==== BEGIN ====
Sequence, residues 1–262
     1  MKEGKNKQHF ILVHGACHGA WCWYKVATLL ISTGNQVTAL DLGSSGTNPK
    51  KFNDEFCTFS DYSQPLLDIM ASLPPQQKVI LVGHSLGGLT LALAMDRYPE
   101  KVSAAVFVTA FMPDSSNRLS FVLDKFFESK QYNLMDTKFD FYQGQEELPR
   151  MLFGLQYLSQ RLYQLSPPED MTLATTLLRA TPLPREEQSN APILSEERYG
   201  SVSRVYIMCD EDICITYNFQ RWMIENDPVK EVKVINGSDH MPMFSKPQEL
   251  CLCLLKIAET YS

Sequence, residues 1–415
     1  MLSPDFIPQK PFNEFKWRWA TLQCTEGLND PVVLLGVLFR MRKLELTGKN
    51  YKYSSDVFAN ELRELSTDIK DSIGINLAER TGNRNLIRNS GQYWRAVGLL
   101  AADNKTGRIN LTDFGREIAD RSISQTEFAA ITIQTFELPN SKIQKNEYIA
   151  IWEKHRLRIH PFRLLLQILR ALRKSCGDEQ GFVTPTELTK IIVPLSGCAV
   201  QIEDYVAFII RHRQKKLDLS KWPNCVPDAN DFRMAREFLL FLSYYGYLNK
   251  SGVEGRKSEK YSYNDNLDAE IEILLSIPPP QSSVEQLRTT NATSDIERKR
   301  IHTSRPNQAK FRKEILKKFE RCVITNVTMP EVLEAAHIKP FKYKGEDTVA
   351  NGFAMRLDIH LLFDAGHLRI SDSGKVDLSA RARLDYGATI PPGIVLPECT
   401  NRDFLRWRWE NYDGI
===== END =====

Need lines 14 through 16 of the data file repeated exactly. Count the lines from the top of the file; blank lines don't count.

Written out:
   251  SGVEGRKSEK YSYNDNLDAE IEILLSIPPP QSSVEQLRTT NATSDIERKR
   301  IHTSRPNQAK FRKEILKKFE RCVITNVTMP EVLEAAHIKP FKYKGEDTVA
   351  NGFAMRLDIH LLFDAGHLRI SDSGKVDLSA RARLDYGATI PPGIVLPECT